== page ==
This Is Why We Must End The Stigma

Kid Cudi recently posted on Instagram about living with depression.

He shared: “Sadness eats away at me sometimes. How do I deal? A lot of u hit me and ask how I get through. Truthfully, idk. Some days are great, others not so great. I just try to believe God has something better for me. I try to have faith in the light. Please believe.” 

A news website did a quick write-up of Kid Cudi’s history with mental illness and rehab. Then, someone decided to share unhelpful words in the comment section of the article, basically expressing their annoyance with Kid Cudi sharing his troubles. The commenter said Kid Cudi needs to just talk with a therapist and heal already. Why continue to just be sad all these years?

I know. I know. 

There’s much to unpack here. But, let me say this: For every one person using their platform (of any size) to push back on stigma, there’s someone on Al Gore’s internet saying: “shut up and get over your depression”. 

This is why I share what I do. Furthermore, it’s why I’m calling you in to share what you can with your circle of influence.

There’s no need to overshare. Just be honest.

It doesn’t have to be:

  • “This is why I’m in therapy” or 
  • “Here’s a list of people/things who’ve traumatized me” or
  • “Listen up, I’m about to share something I’ve never told anyone”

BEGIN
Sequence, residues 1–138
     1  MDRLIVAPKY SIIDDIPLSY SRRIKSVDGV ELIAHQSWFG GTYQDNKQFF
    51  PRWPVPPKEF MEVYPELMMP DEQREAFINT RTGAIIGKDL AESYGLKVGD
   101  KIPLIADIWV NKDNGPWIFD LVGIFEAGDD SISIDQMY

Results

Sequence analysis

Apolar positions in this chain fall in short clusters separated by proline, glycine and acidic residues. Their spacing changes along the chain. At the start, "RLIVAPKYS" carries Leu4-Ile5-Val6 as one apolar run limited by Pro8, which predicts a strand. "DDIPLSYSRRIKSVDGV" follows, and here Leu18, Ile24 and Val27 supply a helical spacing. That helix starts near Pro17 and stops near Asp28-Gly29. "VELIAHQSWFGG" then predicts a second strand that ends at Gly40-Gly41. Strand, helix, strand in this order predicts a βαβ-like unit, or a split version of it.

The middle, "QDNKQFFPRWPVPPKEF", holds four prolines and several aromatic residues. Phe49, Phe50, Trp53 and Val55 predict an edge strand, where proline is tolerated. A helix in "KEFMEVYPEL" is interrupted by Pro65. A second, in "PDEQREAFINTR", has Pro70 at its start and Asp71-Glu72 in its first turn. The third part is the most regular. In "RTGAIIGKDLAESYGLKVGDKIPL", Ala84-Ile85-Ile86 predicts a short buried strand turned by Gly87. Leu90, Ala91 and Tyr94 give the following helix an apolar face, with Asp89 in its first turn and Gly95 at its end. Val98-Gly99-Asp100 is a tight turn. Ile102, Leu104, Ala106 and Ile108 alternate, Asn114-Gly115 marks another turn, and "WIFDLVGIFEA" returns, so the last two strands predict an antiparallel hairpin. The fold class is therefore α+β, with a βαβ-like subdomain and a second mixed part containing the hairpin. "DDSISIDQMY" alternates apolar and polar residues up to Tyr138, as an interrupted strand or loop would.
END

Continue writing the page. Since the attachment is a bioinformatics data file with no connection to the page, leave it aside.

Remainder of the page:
It could be sharing about your current mood, about the impacts 2020 still has on your family, or about how you know someone who had more lows than highs at one point. 

This conversation can take place in the quiet of a coffee shop, during the final leg of a road trip, in a text to a friend in need, or in a conversation with a mentee. It doesn’t have to be public-facing. It can be with someone you’ve built trust with. Someone who will listen.

photo of men having conversation
Photo by nappy on

Every bit actually counts.

See, what fuels mental illness stigma is silence. It’s also the idea that there’s this status of people who have it all together. It’s a system that’s told us time and time again that our best isn’t good enough, to always be working, to never stop feeling shame about what you’ve done wrong.

At worst, we pass that mentality on and move through this world with our heads down believing the only option is to suck it up. 

And you know what, there are times when survival is survival. But I’m not talking about those times. I’m talking about a world that so desperately needs more honest people. More representation. More people saying, “I see your brokenness and raise you a few chips of my own experience.” 

About The Author

Sinclair P Ceasar III

Sinclair Ceasar is a Christian mental health speaker, writer, and facilitator.

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